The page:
Beware the bidders’ wolves in sheep skins
INCREASINGLY, South Africans are confronted with a sinister yet pervasive agenda by representatives of big global and local capital bent on positioning themselves as the legitimate voice for sustainable democratic change.
Despite their supposedly wise and sound language, these wolves in sheep skins are essentially doing the bidding for their handlers in Europe and North America.
These self-appointed guardians of our democracy believe that our people will be so bamboozled as to gleefully welcome them as the mythical messiahs they have long been waiting for.
Colonialism did not just strip Africans of political rights. It dispossessed them of their land, destroyed their economic systems, trod on their human dignity and turned them into beggars in their motherland.
The fight by the majority of black people to share in the country’s wealth is a just demand and must never be abandoned. Of course, a step in that direction attracts the full and ferocious wrath of those who benefited and continue to benefit from the black person’s poor economic and property-less status.
At 105, the ANC has to provide leadership and offer a thoroughgoing critique of how, in times such as ours, capital is fond of dancing with democracy as if by so doing it will disown its intrinsic imperatives and embrace the interests of the most oppressed and economically exploited classes in our society.
As progressive forces in our society intensify social transformation, the murky politics of the moment require ideological clarity and articulation.
Since the nightmare and the ghost of colonialism and apartheid continue to torment us, the audacity of big global and local capital to capture the popular imagination is despicable. Even the litany of insults and propagandistic tirades that have been punted as progressive discourse have become less surprising.
What perhaps may be surprising is the paucity of progressive political and intellectual thought in the mass media and other platforms bold and principled enough to expose the big lie and its plethora of poisonous slogans. It is unclear as to why.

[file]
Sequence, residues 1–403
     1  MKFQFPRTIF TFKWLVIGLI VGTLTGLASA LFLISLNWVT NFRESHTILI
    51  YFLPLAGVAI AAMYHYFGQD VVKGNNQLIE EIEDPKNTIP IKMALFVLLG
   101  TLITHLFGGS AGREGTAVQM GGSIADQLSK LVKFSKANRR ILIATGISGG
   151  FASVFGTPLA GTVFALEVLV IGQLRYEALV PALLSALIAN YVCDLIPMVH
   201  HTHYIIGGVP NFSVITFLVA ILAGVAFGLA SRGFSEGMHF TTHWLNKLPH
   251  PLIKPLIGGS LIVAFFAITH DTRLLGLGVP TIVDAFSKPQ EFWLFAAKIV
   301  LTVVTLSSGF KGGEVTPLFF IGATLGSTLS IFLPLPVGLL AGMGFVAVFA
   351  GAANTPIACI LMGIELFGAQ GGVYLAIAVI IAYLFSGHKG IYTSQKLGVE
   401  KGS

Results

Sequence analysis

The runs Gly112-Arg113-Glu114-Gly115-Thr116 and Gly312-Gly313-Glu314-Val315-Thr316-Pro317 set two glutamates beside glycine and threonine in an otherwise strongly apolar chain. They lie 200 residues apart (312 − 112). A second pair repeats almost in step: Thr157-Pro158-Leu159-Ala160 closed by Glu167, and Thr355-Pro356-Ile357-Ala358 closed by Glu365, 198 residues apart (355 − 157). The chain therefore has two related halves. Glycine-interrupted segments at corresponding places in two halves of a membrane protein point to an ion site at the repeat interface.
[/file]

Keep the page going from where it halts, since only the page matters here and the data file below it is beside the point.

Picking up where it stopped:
For those of us who don’t suffer from selective amnesia, it’s impossible not to return to our recent history. We refuse to forget that when South Africa was proclaimed an “independent” white dominion in the British Empire on May 31, 1910, Britain and her capitalist backers were essentially betraying the oppressed African masses of our land. In the word of the eminent scholar Ben Magubane: “The formation of the ANC in 1912 was an African response to one of the most unconscionable political betrayals of a people by a colonial power that prided itself as a paragon of virtue and mother of parliamentary democracy.”
Since the gradual and violent dissolution of the African communal societies and the plunder of their collectively owned lands from 1652 onwards, subsequent struggles against colonialism and apartheid strengthened and sharpened our people’s resolve to fight back. It is that warrior spirit that we must guard jealously and defend to the bitter end. We cannot afford to rest on our laurels but must be more vigilant to fight what scholars Michael Hardt and Antonio Negri term imperialism’s “new strategies of rule”.
It is indeed appropriate on an ongoing basis to review our progress in the creation of a united, non-racial, non-sexist, democratic and prosperous South Africa. As history unfolds, varied material and ideological factors pose challenges to the agenda of realising meaningful democratic transformation; non-sexism, non-racism, shared prosperity and deeprooted social justice. With international capital on an even bigger offensive to win the hearts and minds of our people, the so-called distributional impact of economic growth requires a robust critique.
It can no longer be acceptable that only models imposed on us in the developing world by the global North should determine our socio-economic trajectory. As it has been proved that not all economic growth automatically leads to poverty reduction and a better life for all, pro-poor movements at home must play a bigger role in mapping out new paradigms of tackling endemic poverty and inequality in our country.
It is nonsensical to want to police the South African economy as if it was a missionary station of Europe and North America – thereby limiting creative and fresh responses to the issues of economic injustice. The habit to label some among us as good leaders for business and others as undesirables for the markets is unfortunate. One can almost hear whispers in the dark: “The market shall govern.”
It is not a coincidence that those who continue to benefit from an economic system of commerce and industry that exploits and excludes the majority now use their political proxies to weaken the ANC and even openly call for its demise. It’s the old tactic of “divide and rule”, perfected by imperialist forces a long time ago.
The ANC must never be distracted from taking the most appropriate directions and policy decisions that will help give material meaning to the idea of freedom for the majority of our people. Amid vast internal challenges, the ANC must seek to fulfil its historical mission and not waver in the quest to overthrow the stubborn and systemic remnants of apartheid colonialism.
We owe it to ourselves, our children and their children to stand up and defend the land of our fathers and forefathers. We must give material substance to social emancipation. It is this major task that must animate the ANC even more in the year of OR Tambo’s 100th birthday anniversary.
‘They’re not the messiahs our people have long been waiting for’